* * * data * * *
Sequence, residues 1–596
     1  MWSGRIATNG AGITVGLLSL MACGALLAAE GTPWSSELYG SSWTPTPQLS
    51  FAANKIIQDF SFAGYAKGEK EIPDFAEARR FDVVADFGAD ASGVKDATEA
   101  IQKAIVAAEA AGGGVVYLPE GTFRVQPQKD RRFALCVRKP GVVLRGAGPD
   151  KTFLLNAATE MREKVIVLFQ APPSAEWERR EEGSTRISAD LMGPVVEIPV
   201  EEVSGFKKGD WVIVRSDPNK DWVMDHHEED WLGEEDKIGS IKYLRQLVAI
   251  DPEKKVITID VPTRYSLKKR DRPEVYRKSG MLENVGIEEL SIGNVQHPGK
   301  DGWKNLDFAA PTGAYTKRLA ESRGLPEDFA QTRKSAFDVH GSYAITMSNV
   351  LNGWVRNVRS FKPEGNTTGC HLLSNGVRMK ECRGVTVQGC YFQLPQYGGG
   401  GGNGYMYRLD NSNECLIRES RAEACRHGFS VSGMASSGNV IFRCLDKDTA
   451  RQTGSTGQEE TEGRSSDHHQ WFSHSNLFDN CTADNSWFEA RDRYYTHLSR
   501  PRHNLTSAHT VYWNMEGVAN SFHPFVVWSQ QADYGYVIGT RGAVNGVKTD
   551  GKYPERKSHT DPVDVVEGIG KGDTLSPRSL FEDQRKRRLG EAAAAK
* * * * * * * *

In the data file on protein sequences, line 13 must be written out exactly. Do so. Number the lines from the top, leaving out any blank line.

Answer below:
   551  GKYPERKSHT DPVDVVEGIG KGDTLSPRSL FEDQRKRRLG EAAAAK